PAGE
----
Honed Granite vs Polished – Pros and Cons
If you have set your mind on a new kitchen countertop or bathroom vanity, the choice is usually quite easy – most contemporary homeowners pick granite without so much as a second thought. There is a good reason why granite has gained so much popularity over the last several decades:
• It adds stunning elegance and natural beauty to your home décor;
• It comes in a great variety of colors and styles that can match any aesthetic tastes and personal preferences;
• It is known for its exceptional hardness, durability, and ease of maintenance;
• It is scratch-proof and heat-resistant, so it can serve as a functional work surface for meal preparation.
However beautiful and practical granite may be though, the look and feel of your surroundings, as well as the maintenance requirements of the stone, are greatly affected by the particular type of finish you choose for the granite surfaces in your home. Like most natural stones, granite can be finished with different textures and sheens, each of which has its own specifics. To make an informed decision for your new interior design, you need to be aware of the pros and cons of the different types of surface finishes.
So, let’s take a closer look at the key features of the two most popular types of granite finishes – honed granite versus polished granite.
What’s The Difference between Honed and Polished Granite?
The type of surface is determined by where the finishing process ends.
When it comes to granite, the rough stone slab is subjected to a number of finishing processes. The slab first goes through a series of polishing wheels fitted with coarse abrasive pads. These pads apply pressure to the stone, grinding and buffing the surface.
A honed granite finish is created when manufacturers stop the finishing process before the stone surface becomes shiny, leaving it with a satin or matte appearance.
A polished granite finish is created when the stone is buffed with the help of fine polishing pads, causing the surface to acquire a glossy, reflective appearance.
Which type of finish will be more appropriate for your home depends on the intended use of the stone and your personal preferences. Here are the main advantages and disadvantages of honed granite and polished granite you need to take into account when making your final choice.
Honed Granite vs Polished: Appearance and Style
Regardless of the finish, granite will impart a unique and elegant look to the ambience, enhancing the overall appeal and value of your home. All you need to do is decide on the type of finish that will better reflect your designer visions and aesthetic ideas.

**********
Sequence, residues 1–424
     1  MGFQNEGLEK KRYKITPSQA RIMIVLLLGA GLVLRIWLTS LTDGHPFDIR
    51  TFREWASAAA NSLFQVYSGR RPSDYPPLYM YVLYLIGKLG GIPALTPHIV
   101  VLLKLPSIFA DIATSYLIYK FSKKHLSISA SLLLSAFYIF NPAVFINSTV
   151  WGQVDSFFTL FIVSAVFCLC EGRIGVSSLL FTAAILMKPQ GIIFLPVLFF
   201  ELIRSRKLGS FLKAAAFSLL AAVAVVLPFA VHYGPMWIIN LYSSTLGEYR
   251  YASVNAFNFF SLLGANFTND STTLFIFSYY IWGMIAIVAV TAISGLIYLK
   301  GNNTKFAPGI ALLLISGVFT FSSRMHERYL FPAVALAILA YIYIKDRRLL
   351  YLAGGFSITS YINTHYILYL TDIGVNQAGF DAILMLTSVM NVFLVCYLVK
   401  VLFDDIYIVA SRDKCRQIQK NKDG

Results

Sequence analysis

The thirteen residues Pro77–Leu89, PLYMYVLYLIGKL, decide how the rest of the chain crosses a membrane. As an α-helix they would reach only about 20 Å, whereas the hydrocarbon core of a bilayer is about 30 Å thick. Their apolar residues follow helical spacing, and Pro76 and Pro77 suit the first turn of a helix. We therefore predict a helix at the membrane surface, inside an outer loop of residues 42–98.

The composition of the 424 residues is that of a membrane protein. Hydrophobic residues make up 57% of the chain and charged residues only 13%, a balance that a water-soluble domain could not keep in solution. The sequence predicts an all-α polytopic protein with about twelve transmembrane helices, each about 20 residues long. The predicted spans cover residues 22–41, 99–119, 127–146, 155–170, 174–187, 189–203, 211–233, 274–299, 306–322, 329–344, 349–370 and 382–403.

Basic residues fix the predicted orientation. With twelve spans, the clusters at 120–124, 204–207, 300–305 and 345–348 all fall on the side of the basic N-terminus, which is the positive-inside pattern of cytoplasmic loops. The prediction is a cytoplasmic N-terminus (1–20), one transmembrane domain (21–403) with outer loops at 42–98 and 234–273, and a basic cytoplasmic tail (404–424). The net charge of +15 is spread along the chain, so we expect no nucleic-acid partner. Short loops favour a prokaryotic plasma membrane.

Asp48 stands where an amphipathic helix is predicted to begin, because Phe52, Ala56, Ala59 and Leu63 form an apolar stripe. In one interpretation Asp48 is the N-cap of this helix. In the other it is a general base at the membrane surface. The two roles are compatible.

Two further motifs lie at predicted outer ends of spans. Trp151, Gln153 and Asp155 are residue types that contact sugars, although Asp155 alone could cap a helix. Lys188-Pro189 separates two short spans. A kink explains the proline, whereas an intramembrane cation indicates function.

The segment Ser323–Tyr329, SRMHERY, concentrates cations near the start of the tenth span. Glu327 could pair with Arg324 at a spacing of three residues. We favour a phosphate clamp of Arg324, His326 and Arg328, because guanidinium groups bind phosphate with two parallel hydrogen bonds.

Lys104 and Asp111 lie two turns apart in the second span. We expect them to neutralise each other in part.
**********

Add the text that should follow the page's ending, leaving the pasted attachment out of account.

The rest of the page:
If you are looking for a classy, sophisticated appearance, polished granite is your best choice. It reveals all of the granite’s natural beauty and results in unparalleled grandeur and elegance.
Polished granite has a glossy, mirror-like shine that reflects light well and manifests the unique character of your stone. The surface appears smooth and flawless and the colors seem richer and darker. In fact, the polished finish highlights the depth of the stone and makes the colors look crisp and vibrant. You can choose from a great variety of hues, including shades of gold, black, white, and gray.
The polished surface finish is considered the finest finish available. It greatly enhances the richness and elegance of the interior décor and has rightfully become a symbol of opulence and splendor.
Honed granite surfaces offer a softer, more natural look and feel than polished ones. They evoke a relaxed and casual vibe while still retaining the high class character of the elegant natural stone.
Honed granite can vary in appearance from a matte surface to a low sheen. Its surface is very smooth and velvety to the touch but lacks the shine and the high degree of reflection characteristic of a polished finish. Therefore, it does not show the color and texture of the granite stone as well as a polished finish. Many homeowners, however, prefer this more subtle appearance over the glossiness of polished granite. Besides, honed granite is not as common as its polished counterpart, so it gives your home a unique, cozy look.
In case you like neither the gloss of polished granite, nor the dullness of honed granite, you can use a color enhancer on your honed stone to give it depth and richness.
You can choose from several variations of honed granite finishes, such as satin finish, velvet finish, diamond smooth finish, and machine smooth finish. When shopping for honed granite, have in mind that the degree of honing can vary from slab to slab.
Honed granite is your best option if you are looking for a subtle, contemporary appearance.